Ted Kennedy says eliminate private sector from student loans

CEI would never argue that the current federal student loan programs are perfect. They are a mishmash of subsidies and regulations that cause distortions, not the least of which is to raise the sticker price of tuition significantly more than it probably would be otherwise.

That being said, this doesn’t mean that it’s not possible for the student aid system to get worse — even much worse. To Sen. Ted Kennedy, D-Mass., who is once again chairman of the Senate Health, Education, Labor & Pensions, or HELP committee (a misnomer for a political body if there ever was one), the problem isn’t the fact of government interference, but the fact that private banks are still involved at all. He wants to make student loans a 100 percent socialist system, because he and others claim that this would save money by knocking out the middleman. So in his recently introduced Student Debt Relief Act of 2007, which is co-sponsored by fellow Democratic Sens. Barack Obama, Barbara Mikulski, Chuck Schumer, Dick Durbin, and independent Joseph Lieberman, the government would basically bribe schools to paticipate only in the Direct Loan program, rather than have subsidized dealing with private banks.

But we only need to look at the history of this “direct” loan program to see that Kennedy’s plan would result in massive waste as well as budensome red tape for students and parents trying to finance a college education.

When signed into law by President Bill Clinton in 1993, “direct lending” of student loans to college students was sold as a way to actually make money for the government by cutting out the “middleman,” Since the 1960s, the government has subsidized banks and other firms that lend to students to make student loans more affordable. Clinton and other advocates argued the government would spend less money and could even profit if it made the loans and collected the interest itself.

Direct lending’s defenders, such as Clinton’s former education aide Robert Shireman, point out that Congress and the Bush administration still score direct loan cost estimates as costing less than subsidized private loans. But the key word is cost estimates, and for the past decade the estimates have been wrong. On a cash flow basis, Congress’s General Accounting Office has found that the program has actually lost $10.7 billion for the government from 1995 to 2003. This is largely because the Department of Education loaned money to students at a lower rate of interest than it costs the government to borrow money to finance its spending.

In a report from 2005, Elizabeth Wright, a vice president of Citizens Against Government Waste, details some of the reasons why. If the government were to charge higher interest rates, it would defeat the purpose of providing affordable student loans. Private lenders, however, while protected by the government against default, take on the risks of interest rate risks themselves. They have charged around the same interest to students as the government, while bearing resposibility for the costs of that specific risk.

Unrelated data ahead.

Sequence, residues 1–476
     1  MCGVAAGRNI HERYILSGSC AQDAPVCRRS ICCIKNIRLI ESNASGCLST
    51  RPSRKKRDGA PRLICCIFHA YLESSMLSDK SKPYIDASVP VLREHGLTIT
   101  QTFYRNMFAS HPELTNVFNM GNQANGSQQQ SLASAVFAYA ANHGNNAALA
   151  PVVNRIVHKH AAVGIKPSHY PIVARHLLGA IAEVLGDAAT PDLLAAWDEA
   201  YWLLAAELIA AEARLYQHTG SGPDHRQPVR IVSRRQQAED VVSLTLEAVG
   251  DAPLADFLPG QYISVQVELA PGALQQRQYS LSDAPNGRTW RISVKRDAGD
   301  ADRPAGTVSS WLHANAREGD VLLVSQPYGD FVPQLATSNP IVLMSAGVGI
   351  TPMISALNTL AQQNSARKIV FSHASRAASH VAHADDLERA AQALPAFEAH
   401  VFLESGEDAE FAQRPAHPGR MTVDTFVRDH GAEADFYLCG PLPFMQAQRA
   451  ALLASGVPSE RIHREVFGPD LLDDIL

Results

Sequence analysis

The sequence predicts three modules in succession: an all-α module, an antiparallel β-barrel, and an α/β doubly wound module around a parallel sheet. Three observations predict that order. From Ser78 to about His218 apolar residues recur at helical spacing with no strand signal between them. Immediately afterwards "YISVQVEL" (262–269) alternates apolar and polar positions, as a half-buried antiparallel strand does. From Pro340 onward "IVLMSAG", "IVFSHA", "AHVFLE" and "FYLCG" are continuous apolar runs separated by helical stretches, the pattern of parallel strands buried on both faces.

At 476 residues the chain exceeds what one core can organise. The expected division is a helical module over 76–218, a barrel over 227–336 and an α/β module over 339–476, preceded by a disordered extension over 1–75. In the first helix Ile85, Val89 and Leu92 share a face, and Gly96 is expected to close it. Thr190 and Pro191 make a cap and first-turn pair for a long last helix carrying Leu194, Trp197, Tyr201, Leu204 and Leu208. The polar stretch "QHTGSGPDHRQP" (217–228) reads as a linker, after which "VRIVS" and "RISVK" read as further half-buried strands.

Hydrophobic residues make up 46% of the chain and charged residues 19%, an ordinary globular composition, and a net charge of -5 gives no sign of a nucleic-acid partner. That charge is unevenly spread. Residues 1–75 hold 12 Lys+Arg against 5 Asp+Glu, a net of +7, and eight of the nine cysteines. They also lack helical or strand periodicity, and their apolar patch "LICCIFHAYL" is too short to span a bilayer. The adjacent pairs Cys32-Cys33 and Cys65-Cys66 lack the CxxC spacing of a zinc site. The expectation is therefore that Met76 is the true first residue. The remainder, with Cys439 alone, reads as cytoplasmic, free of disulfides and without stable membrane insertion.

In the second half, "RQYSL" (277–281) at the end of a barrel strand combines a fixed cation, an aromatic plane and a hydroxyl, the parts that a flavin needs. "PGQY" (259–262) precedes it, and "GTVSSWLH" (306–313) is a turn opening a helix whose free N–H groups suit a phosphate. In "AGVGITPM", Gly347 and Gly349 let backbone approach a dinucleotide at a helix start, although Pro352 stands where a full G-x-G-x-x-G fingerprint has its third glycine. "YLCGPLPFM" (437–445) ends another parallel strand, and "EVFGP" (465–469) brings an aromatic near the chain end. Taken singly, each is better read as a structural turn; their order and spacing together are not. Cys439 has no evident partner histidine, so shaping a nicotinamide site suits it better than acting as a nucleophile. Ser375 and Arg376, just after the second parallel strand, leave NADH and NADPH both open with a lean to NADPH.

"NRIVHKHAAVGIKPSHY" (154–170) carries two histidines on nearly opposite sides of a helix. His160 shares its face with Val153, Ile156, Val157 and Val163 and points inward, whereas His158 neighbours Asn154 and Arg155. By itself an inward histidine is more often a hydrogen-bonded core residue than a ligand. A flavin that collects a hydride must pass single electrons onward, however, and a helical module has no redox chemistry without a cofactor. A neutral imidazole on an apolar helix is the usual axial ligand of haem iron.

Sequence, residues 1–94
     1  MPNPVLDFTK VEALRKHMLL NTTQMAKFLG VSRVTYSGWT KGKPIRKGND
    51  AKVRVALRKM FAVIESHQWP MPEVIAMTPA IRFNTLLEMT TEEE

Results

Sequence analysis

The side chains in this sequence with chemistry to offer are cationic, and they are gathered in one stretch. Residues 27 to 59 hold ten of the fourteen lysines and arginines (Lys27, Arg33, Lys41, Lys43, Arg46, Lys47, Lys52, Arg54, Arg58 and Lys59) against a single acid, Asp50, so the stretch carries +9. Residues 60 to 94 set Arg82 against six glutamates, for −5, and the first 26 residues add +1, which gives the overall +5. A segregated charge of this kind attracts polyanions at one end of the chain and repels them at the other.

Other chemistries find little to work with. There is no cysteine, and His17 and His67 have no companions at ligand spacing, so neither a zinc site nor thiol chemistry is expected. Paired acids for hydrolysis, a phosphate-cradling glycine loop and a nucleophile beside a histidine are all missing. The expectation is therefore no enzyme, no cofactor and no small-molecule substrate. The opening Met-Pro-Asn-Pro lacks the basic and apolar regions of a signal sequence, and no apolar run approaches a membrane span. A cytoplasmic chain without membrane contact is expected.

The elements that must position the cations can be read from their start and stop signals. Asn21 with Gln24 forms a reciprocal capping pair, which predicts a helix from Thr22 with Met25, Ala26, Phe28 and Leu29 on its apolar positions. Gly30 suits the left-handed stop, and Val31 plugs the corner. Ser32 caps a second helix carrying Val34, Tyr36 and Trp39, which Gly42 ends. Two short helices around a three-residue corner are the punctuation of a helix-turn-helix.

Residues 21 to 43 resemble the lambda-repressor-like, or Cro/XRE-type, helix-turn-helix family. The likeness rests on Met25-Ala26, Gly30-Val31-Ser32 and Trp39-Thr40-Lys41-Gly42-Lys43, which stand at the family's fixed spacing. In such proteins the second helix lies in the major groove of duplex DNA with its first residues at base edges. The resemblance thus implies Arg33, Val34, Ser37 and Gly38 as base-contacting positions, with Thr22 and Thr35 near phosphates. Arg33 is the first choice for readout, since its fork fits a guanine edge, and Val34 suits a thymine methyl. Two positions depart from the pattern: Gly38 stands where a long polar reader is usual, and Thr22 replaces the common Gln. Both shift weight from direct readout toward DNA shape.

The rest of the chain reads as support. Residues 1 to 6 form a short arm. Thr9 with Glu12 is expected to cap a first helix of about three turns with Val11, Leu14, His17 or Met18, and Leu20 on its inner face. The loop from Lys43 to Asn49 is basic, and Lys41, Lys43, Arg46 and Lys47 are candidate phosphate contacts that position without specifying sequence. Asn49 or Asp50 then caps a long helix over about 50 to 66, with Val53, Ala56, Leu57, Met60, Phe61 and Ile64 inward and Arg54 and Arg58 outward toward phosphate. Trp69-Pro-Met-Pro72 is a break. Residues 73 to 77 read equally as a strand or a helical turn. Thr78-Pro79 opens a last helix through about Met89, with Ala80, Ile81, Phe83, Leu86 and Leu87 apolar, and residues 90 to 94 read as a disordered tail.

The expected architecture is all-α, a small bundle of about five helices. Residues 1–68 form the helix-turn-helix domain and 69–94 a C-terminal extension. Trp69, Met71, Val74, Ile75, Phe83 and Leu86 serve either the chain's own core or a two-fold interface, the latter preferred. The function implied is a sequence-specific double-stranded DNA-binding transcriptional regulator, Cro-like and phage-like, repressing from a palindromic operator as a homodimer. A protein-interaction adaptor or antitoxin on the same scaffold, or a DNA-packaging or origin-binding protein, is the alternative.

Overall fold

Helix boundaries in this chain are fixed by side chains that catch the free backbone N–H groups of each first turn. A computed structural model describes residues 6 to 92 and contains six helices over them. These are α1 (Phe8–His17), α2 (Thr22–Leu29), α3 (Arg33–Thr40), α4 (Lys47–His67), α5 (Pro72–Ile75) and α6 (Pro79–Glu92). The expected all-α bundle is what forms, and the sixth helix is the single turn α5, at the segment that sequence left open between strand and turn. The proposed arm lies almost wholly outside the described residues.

The bottom line is that in the ten-year time frame direct lending has been in existence, the costs of direct lending have been coming in higher than their estimates and have been increasing, while subsidized loans have cost the government less than their estimated costs. The White House budget for fiscal year 2006, the same one that estimates that direct lending will be cheaper, reports that direct lending has cost the government $7 billion more than intially predicted over the last decade, while subsidized loans have cost the government $5 billion less than they were estimated to.

Since there are different numbers of schools and students in the programs (and more in subisidzed loans, both because it’s older and schools say they find it easier to work with), it’s difficult to compare costs. However, a study by American Student Loan Providers, an industry group, did find that costs as a percentage of outstanding loans were less for subsidized loans for every year the two programs were in existence except one (an that year was close to a tie). For 2004, the cost was over 3 percent for direct lending, and less than 1 percent for subsidized loans.

One even more interesteing apsect. direct lending really isn’t direct. It hires contractors to help collect the loans and build its computer systems, going against its stated promise of cutting out the “middleman.” The only middlemen its cuts out are the banks.

And the reason schools, with both programs to choose from, have stayed with the banks is that the banks’ offer the private sector’s level of service. They will frequently give schools computers and software to make complying with the paperwork a smoother task. By contrast, as with many situation in dealing with the government directly, schools have found service from the government to be less than they desired.

So, in a nutshell, critics have said that subsidized loans were wasteful because banks were on the hook for only part of the loan. To an extent, they’re correct. But longtime government waste experts such as Wright point out it will likely be even more wasteful when the government is on the hook for 100 percent of the loan.

And we would also lose the innovation that private firms can show in reducing transaction costs even in a situation that’s not the free-market ideal. So while we’re debating free market reforms for the existing student loan programs, free-market advocates must make sure that the program doesn’t take even more giant steps in the socialist direction.